Moreover, steam which condenses on these cool surfaces forms water droplets which may drip on the paper as it passes through the calender stack, thereby affecting the desired properties of the paper. Also, since gloss formation is generally the final step in paper manufacturing, the application of excess steam can cause coating detachment of any previously applied water soluble coatings which then adhere to the calender roll.

In the past, various apparatuses have been used for steam applicators to distribute steam on paper sheets during calendering. An apparatus designed for applying steam to achieve cross-directional gloss control is disclosed in U.S. patent application Ser. No. 07/303,494 of Boissevain, et al., filed Jan. 27, 1989, now U.S. Pat. No. 4,964,311 entitled, Cross-Directional Steam Application Apparatus. The disclosed apparatus functions by discharging jets of steam through a plurality of bucket nozzles located along the length of a manifold pipe.

Gloss formation depends upon the amount of steam that can be absorbed by the paper. One technique for increasing the total amount of steam that can be absorbed is to apply the steam at several different locations during the calendering process. The present invention provides for the use of multiple steam applicators spaced at intervals from one another along the direction of sheet movement and placed adjacent to the calender stack. Although the use of multiple steam applicators permits a greater degree of gloss enhancement, there is a need for a controller for the multiple steam applicators.

SUMMARY OF THE INVENTION

An object of the present invention is to provide a method and apparatus for controlling multiple fluid applicators used to distribute fluid against a web. The applied fluid affects a variety of physical characteristics, however, for the sake of simplicity, the invention will be discussed as distributing steam against a web to control the gloss finish of a web.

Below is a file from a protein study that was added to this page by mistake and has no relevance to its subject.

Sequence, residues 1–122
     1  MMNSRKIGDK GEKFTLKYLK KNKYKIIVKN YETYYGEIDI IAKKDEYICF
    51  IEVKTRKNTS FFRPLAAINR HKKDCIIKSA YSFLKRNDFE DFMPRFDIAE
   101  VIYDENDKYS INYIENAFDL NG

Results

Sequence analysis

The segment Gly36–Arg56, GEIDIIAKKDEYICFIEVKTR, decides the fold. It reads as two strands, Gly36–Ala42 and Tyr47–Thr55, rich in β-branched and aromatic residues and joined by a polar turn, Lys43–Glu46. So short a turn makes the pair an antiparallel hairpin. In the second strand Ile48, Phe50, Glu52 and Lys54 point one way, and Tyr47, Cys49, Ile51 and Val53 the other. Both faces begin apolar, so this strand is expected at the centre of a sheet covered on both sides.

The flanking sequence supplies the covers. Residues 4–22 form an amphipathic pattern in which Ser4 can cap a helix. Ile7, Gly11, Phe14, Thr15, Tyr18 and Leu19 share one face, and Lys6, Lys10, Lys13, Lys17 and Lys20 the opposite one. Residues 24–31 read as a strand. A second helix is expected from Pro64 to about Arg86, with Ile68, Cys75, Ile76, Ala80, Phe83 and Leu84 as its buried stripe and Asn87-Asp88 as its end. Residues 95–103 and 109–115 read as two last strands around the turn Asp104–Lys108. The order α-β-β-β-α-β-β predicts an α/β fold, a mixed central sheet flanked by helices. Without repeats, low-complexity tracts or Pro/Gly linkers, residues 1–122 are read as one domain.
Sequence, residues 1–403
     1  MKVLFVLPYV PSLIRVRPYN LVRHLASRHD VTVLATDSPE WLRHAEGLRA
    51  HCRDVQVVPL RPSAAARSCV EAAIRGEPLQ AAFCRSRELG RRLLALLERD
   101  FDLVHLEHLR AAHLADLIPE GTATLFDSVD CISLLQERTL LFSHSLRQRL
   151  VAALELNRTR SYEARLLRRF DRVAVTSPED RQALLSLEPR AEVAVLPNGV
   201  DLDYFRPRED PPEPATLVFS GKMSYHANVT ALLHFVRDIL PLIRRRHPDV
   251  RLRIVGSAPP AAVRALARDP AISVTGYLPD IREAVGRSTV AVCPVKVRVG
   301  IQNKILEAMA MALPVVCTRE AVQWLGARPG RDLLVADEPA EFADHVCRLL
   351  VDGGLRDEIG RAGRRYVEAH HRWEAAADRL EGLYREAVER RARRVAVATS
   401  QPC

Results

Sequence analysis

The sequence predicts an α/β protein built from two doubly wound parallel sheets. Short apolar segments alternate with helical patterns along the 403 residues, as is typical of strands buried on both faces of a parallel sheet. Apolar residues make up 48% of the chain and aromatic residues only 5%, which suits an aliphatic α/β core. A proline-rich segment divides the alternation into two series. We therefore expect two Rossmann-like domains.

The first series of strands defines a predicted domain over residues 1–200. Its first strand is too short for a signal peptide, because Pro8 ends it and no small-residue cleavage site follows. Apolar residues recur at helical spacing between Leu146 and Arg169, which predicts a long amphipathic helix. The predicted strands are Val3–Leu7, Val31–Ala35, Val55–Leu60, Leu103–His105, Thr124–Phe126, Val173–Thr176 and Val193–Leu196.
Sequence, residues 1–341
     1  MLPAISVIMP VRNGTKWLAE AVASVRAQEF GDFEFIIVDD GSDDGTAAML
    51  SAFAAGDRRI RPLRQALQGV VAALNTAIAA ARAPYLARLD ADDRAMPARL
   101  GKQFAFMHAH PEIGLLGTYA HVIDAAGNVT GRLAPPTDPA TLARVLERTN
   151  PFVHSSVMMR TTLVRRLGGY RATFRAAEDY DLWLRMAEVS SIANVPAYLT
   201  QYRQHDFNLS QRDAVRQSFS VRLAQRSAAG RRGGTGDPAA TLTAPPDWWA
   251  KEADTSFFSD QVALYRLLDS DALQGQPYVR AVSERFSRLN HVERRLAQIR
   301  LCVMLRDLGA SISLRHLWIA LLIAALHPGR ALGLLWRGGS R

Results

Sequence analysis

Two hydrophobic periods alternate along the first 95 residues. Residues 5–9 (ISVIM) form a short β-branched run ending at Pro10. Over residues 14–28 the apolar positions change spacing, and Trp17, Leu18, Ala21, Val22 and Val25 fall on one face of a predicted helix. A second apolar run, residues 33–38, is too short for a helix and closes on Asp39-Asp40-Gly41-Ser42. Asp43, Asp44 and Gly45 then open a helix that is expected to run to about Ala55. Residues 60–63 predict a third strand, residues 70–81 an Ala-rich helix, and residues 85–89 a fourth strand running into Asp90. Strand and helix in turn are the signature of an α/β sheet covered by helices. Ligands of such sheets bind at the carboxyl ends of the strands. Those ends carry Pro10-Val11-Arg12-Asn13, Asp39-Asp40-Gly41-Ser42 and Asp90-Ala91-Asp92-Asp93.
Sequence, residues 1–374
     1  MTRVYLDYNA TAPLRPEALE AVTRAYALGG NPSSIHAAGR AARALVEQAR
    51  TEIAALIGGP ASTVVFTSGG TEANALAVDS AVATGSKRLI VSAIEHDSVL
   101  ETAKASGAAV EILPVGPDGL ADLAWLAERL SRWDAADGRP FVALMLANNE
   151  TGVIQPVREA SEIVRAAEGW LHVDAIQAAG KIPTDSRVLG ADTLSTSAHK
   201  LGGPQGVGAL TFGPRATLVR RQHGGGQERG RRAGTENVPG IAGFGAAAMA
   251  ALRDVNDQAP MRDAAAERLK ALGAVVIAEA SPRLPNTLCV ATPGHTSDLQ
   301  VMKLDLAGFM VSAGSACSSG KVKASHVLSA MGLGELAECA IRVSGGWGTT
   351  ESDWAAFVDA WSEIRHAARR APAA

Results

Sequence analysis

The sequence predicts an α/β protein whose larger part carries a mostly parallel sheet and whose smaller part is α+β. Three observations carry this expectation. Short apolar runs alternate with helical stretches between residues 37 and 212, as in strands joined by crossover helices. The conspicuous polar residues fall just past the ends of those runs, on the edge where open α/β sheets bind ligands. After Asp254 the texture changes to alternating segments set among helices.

In accordance with an example of the invention, these and other objects are achieved by measuring the degree of gloss at each cross-directional section of the web, computing the average gloss error by subtracting a predetermined average gloss value from an average of the cross-directional gloss measurements, adjusting the pressure of a plurality of steam applicators to minimize the gloss error, computing the individual gloss error of each cross-directional section by subtracting a predetermined gloss value from the gloss measurement for the section, and adjusting a plurality of steam valve openings to minimize the individual gloss error of each section.

Pursuant to an example in accordance with the invention, multiple steam applicators are used to distribute steam against a web during calendering. A primary steam applicator is located adjacent a side of the web to which steam is applied. The primary steam applicator has a manifold, a primary inlet valve, and a plurality of steam valves spaced along the primary manifold. Each steam valve regulates the steam flow distributed to a cross-directional section of the web. A secondary steam applicator is located adjacent the sam side of the web to which

e steam is applied. The secondary steam applicator has a manifold, a secondary inlet valve, and a plurality of steam valves spaced along the secondary manifold. Each steam valve regulates the steam flow distributed to a cross-directional section of the web.